Travel writers Arthur Russel and Nandra Galang Anissa discuss whether combining travel and volunteering does more hard than good.
‘Volunteer Tourism’ appears a win – win situation. It can single handedly transform a CV, whilst at the same time allowing the people involved an insight into the world of ‘the other’ by combining the two worlds of travel and volunteering. My reasons for spending six months volunteering abroad were simply what I could do for Africa (albeit a very small contribution) and what Africa could do for me.
Volunteering during the week and teaching kids basic science was never a selfless act – but that by no means should that lessen the integrity of such a venture. It served to benefit me as much as it could help the children I was working with. Trying to control 30 screaming kids in a small classroom actually fuelled my confidence levels; I had no option but to develop a loud, clear and commanding voice (I didn’t fancy using the cane), something I now realise as a very useful asset to many potential careers involving troublesome crowds. What’s more, the sense of satisfaction you can get from seeing the people you work with develop before your eyes, just like the unique sensation of travelling in a place where you are clearly an outsider to it’s way of life, is something you can only truly appreciate through direct experience.
As for the children, I feel that volunteers can provide a much needed breath of fresh air into their limited schooling experience of the third world child. Walking into a supposed lesson was often shocking. In these cases all I would see was the kids playing or chatting whilst the teacher was slumped snoozing in their chair, feet on the desk, possibly addressing the hangover from the night before – either that or they just simply didn’t fancy teaching today. Volunteers will be surprised how far their basic schooling knowledge in let’s say GCSE science will go. I sensed that giving a more disciplined but interactive lesson, on the whole actually sprouted more engagement from the children with the topic.
The importance of cultural exchange is embodied by how these young kid’s interaction with different learning styles can be a catalyst for them realising the importance a good education can bring, at whatever level. I could even be as brave to suggest that my western styles of ‘proper’ teaching could rub off onto the fellow teachers for years to come (e.g. providing positive encouragement as opposed to treatment from the cane if they gave a ‘wrong’ answer, which not surprisingly seemed to scar children into even attempting a future answer). The passing on of such cultural tools could be reinforced over and over again through the increasing numbers of volunteers placing themselves in such settings.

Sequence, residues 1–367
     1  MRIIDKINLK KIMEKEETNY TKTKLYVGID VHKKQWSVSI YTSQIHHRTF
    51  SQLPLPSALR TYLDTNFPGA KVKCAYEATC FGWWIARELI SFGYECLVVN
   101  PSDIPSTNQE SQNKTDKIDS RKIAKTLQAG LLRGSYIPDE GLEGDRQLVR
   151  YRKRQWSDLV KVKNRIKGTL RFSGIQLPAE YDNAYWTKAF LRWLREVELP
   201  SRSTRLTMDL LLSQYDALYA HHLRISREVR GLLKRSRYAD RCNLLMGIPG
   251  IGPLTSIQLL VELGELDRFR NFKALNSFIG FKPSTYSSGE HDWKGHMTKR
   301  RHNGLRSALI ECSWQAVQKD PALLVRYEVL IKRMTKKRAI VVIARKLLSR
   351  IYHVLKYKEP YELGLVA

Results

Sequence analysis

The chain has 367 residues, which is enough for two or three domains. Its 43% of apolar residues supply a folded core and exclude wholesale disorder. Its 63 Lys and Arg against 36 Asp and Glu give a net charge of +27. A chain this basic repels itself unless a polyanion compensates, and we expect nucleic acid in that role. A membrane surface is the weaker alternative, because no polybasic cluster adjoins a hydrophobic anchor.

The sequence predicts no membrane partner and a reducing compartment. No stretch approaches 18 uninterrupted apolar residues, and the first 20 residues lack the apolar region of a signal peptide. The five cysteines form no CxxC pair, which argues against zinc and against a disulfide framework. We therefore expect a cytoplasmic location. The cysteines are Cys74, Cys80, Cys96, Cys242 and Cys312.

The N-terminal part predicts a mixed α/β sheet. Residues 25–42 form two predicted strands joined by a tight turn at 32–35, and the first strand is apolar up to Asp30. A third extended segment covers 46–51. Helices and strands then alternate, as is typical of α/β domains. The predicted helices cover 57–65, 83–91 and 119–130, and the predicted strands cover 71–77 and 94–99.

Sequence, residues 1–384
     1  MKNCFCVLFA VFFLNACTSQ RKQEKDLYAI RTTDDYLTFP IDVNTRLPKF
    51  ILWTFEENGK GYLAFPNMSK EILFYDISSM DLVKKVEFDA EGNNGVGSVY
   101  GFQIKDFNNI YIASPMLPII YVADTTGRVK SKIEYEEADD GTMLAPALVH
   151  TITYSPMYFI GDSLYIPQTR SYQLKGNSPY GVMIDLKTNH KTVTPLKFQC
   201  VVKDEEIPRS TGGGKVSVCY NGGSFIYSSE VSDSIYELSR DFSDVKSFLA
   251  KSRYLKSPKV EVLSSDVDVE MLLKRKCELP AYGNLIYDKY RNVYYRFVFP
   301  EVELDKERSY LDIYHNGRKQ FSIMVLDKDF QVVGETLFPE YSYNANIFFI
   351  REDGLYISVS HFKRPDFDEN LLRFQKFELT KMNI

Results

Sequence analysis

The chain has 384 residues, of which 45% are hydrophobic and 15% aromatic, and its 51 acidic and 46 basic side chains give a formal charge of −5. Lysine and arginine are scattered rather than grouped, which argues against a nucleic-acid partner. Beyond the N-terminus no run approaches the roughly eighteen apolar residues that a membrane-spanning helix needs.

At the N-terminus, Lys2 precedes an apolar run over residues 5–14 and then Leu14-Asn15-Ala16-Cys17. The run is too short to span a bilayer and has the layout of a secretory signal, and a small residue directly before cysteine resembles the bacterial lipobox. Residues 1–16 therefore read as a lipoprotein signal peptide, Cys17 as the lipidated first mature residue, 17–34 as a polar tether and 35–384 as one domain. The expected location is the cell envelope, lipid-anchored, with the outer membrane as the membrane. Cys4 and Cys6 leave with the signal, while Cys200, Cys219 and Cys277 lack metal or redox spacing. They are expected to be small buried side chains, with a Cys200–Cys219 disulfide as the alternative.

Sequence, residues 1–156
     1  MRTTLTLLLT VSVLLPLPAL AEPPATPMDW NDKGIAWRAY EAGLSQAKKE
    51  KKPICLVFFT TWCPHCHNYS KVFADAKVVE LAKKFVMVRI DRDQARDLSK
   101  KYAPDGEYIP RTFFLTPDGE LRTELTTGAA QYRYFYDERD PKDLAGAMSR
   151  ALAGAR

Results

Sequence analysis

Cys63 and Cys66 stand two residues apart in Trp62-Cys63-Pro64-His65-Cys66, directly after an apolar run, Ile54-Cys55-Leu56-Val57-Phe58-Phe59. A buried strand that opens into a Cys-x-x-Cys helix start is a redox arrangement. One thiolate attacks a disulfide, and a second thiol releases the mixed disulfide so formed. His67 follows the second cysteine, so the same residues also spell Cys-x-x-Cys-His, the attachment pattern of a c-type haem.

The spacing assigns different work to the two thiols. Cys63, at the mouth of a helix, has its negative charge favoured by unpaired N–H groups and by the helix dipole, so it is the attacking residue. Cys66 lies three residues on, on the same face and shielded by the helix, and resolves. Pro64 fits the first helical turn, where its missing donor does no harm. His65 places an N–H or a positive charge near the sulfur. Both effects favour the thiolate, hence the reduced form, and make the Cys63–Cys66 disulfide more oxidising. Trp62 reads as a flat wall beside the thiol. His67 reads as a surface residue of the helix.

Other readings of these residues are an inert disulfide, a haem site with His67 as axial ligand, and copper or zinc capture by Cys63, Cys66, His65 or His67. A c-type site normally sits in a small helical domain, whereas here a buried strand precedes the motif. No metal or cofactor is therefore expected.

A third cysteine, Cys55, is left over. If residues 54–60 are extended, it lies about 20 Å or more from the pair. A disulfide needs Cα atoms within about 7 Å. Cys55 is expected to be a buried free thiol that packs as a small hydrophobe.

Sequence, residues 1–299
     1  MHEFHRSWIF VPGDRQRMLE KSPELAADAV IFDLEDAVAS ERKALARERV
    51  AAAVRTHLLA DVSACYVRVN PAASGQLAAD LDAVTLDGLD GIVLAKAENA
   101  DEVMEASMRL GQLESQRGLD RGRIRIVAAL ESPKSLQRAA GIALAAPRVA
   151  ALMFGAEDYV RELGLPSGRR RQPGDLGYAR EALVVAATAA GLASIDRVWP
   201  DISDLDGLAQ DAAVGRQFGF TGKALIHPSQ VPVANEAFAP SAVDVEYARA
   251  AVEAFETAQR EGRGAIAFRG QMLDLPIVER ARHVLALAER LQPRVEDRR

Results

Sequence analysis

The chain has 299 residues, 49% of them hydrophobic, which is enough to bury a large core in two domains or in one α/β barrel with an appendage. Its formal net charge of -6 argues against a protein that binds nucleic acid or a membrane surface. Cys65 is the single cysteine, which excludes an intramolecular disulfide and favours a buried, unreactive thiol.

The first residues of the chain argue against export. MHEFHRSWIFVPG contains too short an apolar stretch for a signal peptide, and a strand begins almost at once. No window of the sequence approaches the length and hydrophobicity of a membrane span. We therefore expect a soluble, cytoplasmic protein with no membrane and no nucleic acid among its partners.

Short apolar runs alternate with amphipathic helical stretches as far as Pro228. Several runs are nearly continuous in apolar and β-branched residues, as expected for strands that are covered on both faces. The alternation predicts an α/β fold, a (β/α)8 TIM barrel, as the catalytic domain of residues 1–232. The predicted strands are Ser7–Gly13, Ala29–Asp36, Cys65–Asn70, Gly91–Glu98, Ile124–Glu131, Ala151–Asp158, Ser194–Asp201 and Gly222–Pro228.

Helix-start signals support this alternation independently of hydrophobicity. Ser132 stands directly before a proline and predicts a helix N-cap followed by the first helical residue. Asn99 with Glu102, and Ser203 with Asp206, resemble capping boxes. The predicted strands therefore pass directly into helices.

It was a shock to discover African’s would do everyday things just as I did, from watching champions league matches at the pub to taking pride in their appearance, wearing a shirt and jeans. By mixing travel and volunteering I was able not only to contribute just a little to the community I was living in but I was also able to gain a great insight into a very different, and often misrepresented, culture.
Volunteer travel could be very eye opening indeed, as it presents us with a different reality and could help us understand the gap between the rich and poor evident in several developing countries. While the idea of voluntourism is, to an extent, brilliant we must not turn a blind eye into the potential problems of this phenomenon.
What bothers me most about voluntourism is the fact that a lot of the programmes are run by for-profit organisations who are not exactly transparent about their finances. Having a quick look into commercial voluntourism operators I found out that most one-month projects cost at least £1,500, excluding flights. For a big sum of money it begs to question how much of those will go to the community? How can we make sure that the money goes to those who need it most?
My scepticism towards voluntourism grew after watching a documentary on the exploitation of Cambodia’s orphanages through voluntourism. The documentary investigates the way voluntourism is run in Cambodia, and found the situation to be very concerning. One of the main concerns addressed is the lack of investigation into the orphanages, schools or organisations volunteers will be working with. According to the documentary the condition of the orphanage was appalling dispite the fact that it had received numerous volunteers – so where has the money paid by these volunteers gone?
What’s even worse is that the volunteering activity itself goes unsupervised and volunteers did not undergo any prior training or briefings. I personally think that volunteering is not merely feeding the starved or playing with children, it requires dedication and it is very challenging. Furthermore, for volunteering programmes involving teaching, I think it is very important that volunteers should be picked based on experience or at least be given training and work under supervision of an expert. From what I see it as though this is not the case on many voluntourism programmes, probably because these commercial companies are geared towards maximising profit – hence losing sight of these important things.
In a way, volunteering should be open to everyone, even to those without experience. Volunteering could actually be a really great stepping stone into our future career. But without supervision, how would you know that you’ve made progress? How would you be able to evaluate your impact towards your students?
Now, I am not 100% against voluntourism, it’s just that we should be more aware when choosing volunteer travel programmes, especially from commercial voluntourism companies. I personally would suggest that if you do want to volunteer abroad, do it through non-profit organisations instead of voluntourism operators.
Nandra Galang Anissa